With the uncertainty surrounding the COVID-19 outbreak, many hospitals and neonatal intensive care units (NICUs) are limiting the number of people who can visit newborn babies to reduce the risk of contamination. At Northwestern Medicine’s Prentice Women’s Hospital, that means only one parent at a time can be with their newborn in the NICU.
“It can be either the mom or the dad but not at the same time,” said Dr. Craig Garfield, professor of pediatrics and medical social sciences at Northwestern University Feinberg School of Medicine and a pediatrician at Ann & Robert H. Lurie Children’s Hospital of Chicago. “It’s heartbreaking.”
But on Monday (March 30), Garfield and his collaborators at Prentice began rolling out a smartphone app to all NICU parents in hopes of easing the stress of parenting a baby in the NICU.
The app, SMART NICU2HOME, provides a platform that allows parents to check in on their babies from afar, sending updates throughout the day on their baby’s vital signs (breathing, weight, bowel movements, medications, etc.) and personalized information and education, such as common NICU terminology and who is caring for their baby at any given point.
What does the app provide?
- Updates throughout the day on the baby’s vital signs (breathing, weight, bowel movements, medications, etc.)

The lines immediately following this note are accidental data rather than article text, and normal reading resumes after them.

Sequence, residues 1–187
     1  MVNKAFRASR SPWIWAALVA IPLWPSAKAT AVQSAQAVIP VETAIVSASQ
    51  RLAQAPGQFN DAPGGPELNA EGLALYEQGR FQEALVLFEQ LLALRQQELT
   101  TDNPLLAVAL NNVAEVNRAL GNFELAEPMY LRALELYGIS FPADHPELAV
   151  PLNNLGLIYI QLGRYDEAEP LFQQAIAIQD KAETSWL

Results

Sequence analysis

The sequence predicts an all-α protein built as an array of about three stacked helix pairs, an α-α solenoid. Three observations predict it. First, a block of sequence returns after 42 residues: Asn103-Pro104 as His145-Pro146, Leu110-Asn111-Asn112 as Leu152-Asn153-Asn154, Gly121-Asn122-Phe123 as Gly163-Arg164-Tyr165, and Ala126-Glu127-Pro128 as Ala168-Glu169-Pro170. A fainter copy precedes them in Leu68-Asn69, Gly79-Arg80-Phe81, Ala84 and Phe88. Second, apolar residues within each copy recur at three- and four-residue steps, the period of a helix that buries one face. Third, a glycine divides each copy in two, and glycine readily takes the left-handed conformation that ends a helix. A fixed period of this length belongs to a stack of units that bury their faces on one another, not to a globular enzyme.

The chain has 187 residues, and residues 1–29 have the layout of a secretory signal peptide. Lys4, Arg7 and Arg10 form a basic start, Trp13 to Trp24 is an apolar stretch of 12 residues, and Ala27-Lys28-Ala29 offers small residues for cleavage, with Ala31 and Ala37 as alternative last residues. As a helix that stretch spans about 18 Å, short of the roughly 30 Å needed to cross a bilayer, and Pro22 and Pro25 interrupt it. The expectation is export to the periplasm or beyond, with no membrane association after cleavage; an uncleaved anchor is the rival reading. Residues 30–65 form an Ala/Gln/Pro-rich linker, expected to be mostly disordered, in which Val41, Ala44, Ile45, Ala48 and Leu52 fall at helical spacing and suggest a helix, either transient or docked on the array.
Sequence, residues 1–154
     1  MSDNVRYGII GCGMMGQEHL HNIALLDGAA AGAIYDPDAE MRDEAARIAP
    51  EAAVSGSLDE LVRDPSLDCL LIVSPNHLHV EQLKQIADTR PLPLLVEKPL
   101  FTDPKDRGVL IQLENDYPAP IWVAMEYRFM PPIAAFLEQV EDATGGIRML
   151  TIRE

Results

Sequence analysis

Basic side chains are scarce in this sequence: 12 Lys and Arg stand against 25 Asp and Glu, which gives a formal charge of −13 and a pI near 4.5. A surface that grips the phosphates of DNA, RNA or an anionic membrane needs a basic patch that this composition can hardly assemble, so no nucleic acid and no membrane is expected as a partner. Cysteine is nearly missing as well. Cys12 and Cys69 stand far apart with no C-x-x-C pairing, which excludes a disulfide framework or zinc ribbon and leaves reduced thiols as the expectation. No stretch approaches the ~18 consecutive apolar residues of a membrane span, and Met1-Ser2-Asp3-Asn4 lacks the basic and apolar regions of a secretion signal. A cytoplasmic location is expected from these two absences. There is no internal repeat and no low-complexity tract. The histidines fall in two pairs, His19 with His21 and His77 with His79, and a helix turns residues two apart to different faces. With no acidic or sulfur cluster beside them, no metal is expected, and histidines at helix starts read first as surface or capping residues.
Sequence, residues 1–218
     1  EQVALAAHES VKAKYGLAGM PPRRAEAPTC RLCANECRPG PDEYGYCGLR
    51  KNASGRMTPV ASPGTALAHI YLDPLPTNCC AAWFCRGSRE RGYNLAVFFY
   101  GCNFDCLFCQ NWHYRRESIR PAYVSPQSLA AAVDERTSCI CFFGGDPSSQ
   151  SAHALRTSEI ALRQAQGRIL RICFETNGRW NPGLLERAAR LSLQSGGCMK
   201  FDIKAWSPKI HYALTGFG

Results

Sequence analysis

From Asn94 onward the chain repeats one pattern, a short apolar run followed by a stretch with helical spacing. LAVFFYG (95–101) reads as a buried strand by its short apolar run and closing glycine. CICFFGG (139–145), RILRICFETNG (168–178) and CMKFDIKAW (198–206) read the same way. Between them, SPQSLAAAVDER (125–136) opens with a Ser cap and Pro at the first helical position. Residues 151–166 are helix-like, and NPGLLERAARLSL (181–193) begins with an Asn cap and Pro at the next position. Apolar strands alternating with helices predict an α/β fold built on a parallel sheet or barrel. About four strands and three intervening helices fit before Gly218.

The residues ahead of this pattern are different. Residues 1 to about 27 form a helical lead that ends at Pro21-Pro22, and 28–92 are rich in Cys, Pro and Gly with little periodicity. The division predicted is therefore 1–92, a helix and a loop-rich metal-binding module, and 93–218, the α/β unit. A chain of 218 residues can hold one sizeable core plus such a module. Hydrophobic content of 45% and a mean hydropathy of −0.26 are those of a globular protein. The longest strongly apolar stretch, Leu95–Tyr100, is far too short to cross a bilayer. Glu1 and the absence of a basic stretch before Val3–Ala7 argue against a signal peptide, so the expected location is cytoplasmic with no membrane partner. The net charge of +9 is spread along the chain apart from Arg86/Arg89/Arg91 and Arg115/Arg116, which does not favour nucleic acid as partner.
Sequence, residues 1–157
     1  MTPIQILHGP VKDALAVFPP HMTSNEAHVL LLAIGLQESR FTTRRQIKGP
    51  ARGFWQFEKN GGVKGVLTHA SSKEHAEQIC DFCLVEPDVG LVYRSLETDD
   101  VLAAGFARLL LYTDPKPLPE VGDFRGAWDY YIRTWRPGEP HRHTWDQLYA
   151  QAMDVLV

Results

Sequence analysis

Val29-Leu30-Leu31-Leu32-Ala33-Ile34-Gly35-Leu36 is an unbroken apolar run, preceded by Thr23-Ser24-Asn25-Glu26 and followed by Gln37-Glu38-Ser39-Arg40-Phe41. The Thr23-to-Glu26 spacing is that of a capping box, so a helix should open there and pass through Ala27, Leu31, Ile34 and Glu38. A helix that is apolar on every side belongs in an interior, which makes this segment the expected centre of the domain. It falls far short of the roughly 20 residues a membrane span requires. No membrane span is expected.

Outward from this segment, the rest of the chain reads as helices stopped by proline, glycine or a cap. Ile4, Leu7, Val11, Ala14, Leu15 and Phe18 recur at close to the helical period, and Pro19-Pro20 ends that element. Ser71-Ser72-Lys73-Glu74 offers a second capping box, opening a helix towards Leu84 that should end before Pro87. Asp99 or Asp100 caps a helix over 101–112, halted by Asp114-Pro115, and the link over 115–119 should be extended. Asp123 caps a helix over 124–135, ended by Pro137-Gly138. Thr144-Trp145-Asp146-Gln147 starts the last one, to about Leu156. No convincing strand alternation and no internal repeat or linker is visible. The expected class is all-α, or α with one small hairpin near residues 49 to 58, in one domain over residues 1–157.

- Personalized information and education, such as common NICU terminology and who is caring for the baby at any given point
- Emotional support, including stress-reducing techniques
- Private social media account to connect with friends and family and share updates about the baby
The app features built-in emotional support for families, such as stress-reducing techniques like how to practice mindfulness, and allows parents to share access to the app with their family members and post updates on their baby’s progress via a private social media account.
“They aren’t at the bedside but they can still get that vital information every parent craves, and it helps fill the gap since family and friends used to be able to visit in person,” said Garfield, who began developing the app with his collaborator Young Seok Lee, adjunct professor of medical social sciences at Feinberg, long before the COVID-19 outbreak.
Garfield and Lee originally designed the app several years ago for parents of babies born prematurely (34 weeks and earlier) to help them stay connected with their newborns in the NICU when they couldn’t be by their side 100% of the time. They had been testing the app in a research study to see how parents reacted to it. With the COVID-19 pandemic—and the restricted access to NICU newborns that accompanied it—they decided to offer it to all families in the NICU, working all last week to update the sign-up process and content delivery.
“These are unprecedented times,” said Lee. “The stress of the families was going to be really unparalleled, and we knew this app already worked from our research phase, so we are glad that we could share the benefits of this app with a larger community of NICU infants and their families.”
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